Doris, Bob (Glasgow Maryhill and Springburn) (SNP)
Dornan, James (Glasgow Cathcart) (SNP)
Dunbar, Jackie (Aberdeen Donside) (SNP)
Ewing, Annabelle (Cowdenbeath) (SNP)
Ewing, Fergus (Inverness and Nairn) (SNP)
Fairlie, Jim (Perthshire South and Kinross-shire) (SNP)
FitzPatrick, Joe (Dundee City West) (SNP)
Gibson, Kenneth (Cunninghame North) (SNP)
Gilruth, Jenny (Mid Fife and Glenrothes) (SNP)
Gougeon, Mairi (Angus North and Mearns) (SNP)
Grahame, Christine (Midlothian South, Tweeddale and Lauderdale) (SNP)
Gray, Neil (Airdrie and Shotts) (SNP)
Greer, Ross (West Scotland) (Green)
Harper, Emma (South Scotland) (SNP)
Harvie, Patrick (Glasgow) (Green)
Haughey, Clare (Rutherglen) (SNP)
Hepburn, Jamie (Cumbernauld and Kilsyth) (SNP)
Hyslop, Fiona (Linlithgow) (SNP)
Kidd, Bill (Glasgow Anniesland) (SNP)
Lochhead, Richard (Moray) (SNP)
MacDonald, Gordon (Edinburgh Pentlands) (SNP)
MacGregor, Fulton (Coatbridge and Chryston) (SNP)
Mackay, Gillian (Central Scotland) (Green)
Mackay, Rona (Strathkelvin and Bearsden) (SNP)
Macpherson, Ben (Edinburgh Northern and Leith) (SNP)
Maguire, Ruth (Cunninghame South) (SNP)
Martin, Gillian (Aberdeenshire East) (SNP)
Mason, John (Glasgow Shettleston) (SNP)
Matheson, Michael (Falkirk West) (SNP)
McAllan, Màiri (Clydesdale) (SNP)
McKee, Ivan (Glasgow Provan) (SNP)
McLennan, Paul (East Lothian) (SNP)
McMillan, Stuart (Greenock and Inverclyde) (SNP)
McNair, Marie (Clydebank and Milngavie) (SNP)
Minto, Jenni (Argyll and Bute) (SNP)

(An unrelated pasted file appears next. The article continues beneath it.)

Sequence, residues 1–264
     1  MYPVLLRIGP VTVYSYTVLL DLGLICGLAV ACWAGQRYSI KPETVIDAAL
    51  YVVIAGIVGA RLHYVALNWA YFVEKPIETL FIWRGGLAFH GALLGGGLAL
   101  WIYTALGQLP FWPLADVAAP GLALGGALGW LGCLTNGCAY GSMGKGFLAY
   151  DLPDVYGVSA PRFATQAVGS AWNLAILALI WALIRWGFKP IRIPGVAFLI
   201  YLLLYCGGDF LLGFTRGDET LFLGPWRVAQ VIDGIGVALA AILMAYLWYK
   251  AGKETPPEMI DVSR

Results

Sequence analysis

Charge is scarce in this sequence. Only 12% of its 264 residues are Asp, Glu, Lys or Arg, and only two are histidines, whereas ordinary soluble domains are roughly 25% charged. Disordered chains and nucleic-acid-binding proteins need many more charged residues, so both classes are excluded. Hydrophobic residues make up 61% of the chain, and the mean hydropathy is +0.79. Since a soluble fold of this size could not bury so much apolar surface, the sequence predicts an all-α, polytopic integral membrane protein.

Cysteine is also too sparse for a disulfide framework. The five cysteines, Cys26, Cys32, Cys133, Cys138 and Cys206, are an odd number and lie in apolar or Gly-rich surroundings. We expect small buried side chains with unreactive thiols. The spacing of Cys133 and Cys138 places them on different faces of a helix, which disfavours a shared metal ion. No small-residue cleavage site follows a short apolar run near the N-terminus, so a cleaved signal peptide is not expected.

Nicoll, Audrey (Aberdeen South and North Kincardine) (SNP)
Regan, Ash (Edinburgh Eastern) (SNP)
Robertson, Angus (Edinburgh Central) (SNP)
Robison, Shona (Dundee City East) (SNP)
Roddick, Emma (Highlands and Islands) (SNP)
Ruskell, Mark (Mid Scotland and Fife) (Green)
Slater, Lorna (Lothian) (Green)
Somerville, Shirley-Anne (Dunfermline) (SNP)
Stevenson, Collette (East Kilbride) (SNP)
Stewart, Kaukab (Glasgow Kelvin) (SNP)
Stewart, Kevin (Aberdeen Central) (SNP)
Swinney, John (Perthshire North) (SNP)
Thomson, Michelle (Falkirk East) (SNP)
Todd, Maree (Caithness, Sutherland and Ross) (SNP)
Torrance, David (Kirkcaldy) (SNP)
Tweed, Evelyn (Stirling) (SNP)
Whitham, Elena (Carrick, Cumnock and Doon Valley) (SNP)
Yousaf, Humza (Glasgow Pollok) (SNP)

Against

Baillie, Jackie (Dumbarton) (Lab)
Baker, Claire (Mid Scotland and Fife) (Lab)
Balfour, Jeremy (Lothian) (Con)
Bibby, Neil (West Scotland) (Lab)
Boyack, Sarah (Lothian) (Lab)
Briggs, Miles (Lothian) (Con)
Burnett, Alexander (Aberdeenshire West) (Con)